"Also, what is the difference between Eurail passes and the train ticket you purchase at the station?" The original intention behind a rail pass was to encourage multi-destination travel by rail. In years past, by delivering an upfront fee for the pass, rail companies were willing to forego some of the costs of individual trips. So, buying a rail pass was substantially cheaper than buying individual tickets, and it provided the pass holder with both the convenience of not needing to wait in a ticket line and the flexibility to allow them to take almost any train at any time. But those days are LONG gone... Over the past 30 years, with the introduction of high speed intercity services, advanced and online purchasing, rail passes have become increasingly expensive to the point that there is rarely, if ever, any cost advantage in them. You can almost always travel cheaper by purchasing individual point-to-point tickets directly from the rail operators. And now, the rail operators often require pass holders to purchase a separate reservation and sometimes even a supplement, so the convience factor is almost gone as well. So, the basic question shouldn't be "what kind of Eurail pass should I get for my trip?", but first and foremost, "Does a rail pass make sense for my trip?" To help you answer that question, go to this website: http://www.seat61.com/ You're going to have to crunch the numbers yourself, but the website listed above will arm you with all the information you'll need to make your decision. I haven't crunched the numbers myself in over 15 years because the calculations consistently indicated that a rail pass was a money loser. I haven't seen any new information in the interim that would lead me to believe otherwise.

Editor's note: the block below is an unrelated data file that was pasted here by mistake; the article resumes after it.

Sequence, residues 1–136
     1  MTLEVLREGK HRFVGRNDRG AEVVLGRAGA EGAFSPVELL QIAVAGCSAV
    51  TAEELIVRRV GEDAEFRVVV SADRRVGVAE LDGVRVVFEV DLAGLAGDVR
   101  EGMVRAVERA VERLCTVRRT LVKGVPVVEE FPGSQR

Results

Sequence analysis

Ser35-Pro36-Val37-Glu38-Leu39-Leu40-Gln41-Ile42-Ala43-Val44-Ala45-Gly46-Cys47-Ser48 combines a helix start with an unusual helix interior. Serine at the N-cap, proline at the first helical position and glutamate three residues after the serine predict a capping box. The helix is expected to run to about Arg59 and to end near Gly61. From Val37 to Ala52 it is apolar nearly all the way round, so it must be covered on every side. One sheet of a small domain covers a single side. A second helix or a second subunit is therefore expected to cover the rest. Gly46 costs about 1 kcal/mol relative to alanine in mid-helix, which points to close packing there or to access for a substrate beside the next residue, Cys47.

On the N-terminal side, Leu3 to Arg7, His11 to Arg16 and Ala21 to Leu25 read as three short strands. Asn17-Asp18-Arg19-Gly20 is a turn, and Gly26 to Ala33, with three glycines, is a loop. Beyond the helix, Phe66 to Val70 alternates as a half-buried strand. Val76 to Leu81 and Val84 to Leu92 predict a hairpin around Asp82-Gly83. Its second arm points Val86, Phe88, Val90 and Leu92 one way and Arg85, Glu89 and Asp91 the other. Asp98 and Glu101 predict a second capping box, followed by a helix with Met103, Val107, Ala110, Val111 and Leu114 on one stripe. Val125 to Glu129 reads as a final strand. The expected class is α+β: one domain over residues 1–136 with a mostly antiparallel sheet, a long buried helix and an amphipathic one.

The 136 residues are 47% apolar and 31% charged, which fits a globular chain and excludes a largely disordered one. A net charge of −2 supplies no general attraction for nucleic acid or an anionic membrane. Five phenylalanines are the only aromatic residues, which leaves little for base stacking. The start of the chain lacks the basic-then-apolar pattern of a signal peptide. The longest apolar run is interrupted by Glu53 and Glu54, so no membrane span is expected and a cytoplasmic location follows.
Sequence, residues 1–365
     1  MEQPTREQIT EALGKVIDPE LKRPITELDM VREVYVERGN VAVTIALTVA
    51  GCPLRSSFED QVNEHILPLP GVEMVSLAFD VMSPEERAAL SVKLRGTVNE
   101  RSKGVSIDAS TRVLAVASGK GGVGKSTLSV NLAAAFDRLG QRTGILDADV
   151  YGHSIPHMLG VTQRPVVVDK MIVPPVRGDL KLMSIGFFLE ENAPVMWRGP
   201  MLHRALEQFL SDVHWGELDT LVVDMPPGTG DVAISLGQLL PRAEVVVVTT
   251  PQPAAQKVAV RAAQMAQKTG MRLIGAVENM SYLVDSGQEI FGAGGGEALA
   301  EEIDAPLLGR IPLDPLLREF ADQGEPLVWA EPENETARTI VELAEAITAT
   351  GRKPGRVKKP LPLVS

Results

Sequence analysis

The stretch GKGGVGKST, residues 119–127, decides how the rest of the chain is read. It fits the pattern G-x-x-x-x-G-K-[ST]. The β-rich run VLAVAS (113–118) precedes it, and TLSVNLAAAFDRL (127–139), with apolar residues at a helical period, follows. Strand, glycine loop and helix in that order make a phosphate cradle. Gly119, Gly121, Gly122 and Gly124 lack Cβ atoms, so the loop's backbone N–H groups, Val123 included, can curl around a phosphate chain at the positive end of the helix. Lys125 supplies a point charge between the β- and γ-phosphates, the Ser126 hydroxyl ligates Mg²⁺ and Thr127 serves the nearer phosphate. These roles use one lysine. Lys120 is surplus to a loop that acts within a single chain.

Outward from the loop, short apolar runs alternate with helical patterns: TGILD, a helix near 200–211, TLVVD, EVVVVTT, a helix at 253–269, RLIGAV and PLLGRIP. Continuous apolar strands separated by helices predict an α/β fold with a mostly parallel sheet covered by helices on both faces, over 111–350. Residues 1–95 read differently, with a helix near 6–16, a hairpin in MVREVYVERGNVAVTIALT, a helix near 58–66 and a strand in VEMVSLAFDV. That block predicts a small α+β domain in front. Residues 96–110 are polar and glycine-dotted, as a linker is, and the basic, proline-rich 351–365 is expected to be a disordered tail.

In addition to the most excellent comments above, I think that sometimes your friend is a flyin' when she outa be a trainin'; and sometimes she's a trainin' when she outa be a flyin'. Barcelona to Paris can be quite a trip by train, very long and not always scintillating. And then there's the stop to change the train wheels or train itself at the border - Spanish trains are different than other European trains. A cheap flight there might well be easier. I don't get the flight from Provence (where in Provence I ask) to Versailles. Avignon to Paris is super fast, at 300 kph on a TGV train, right from the middle of town, nearly, to the middle of town in Paris. The train leaves from several other cities in Provence, too. From the arrival station in Paris, the Gare de Lyon it is a quick walk on the bridge over the River Seine to the Gare d'Austerlitz right onto the RER train to Versailles. If she starts the Italian portion in Rome and goes north, why end at Pompeii all the way south again? Vienna is easily reached by train from Venice but would need a long journey all the way back south to Pompeii and then a flight from Naples to Wien if she doesn't want to see the same countryside for a 3rd time.
Megan, this is your lucky day! Not only did you get great advice from Tom and Nigel, but a Nancy Sinatra reference thrown in for free! In all seriousness, do read and heed their comprehensive replies.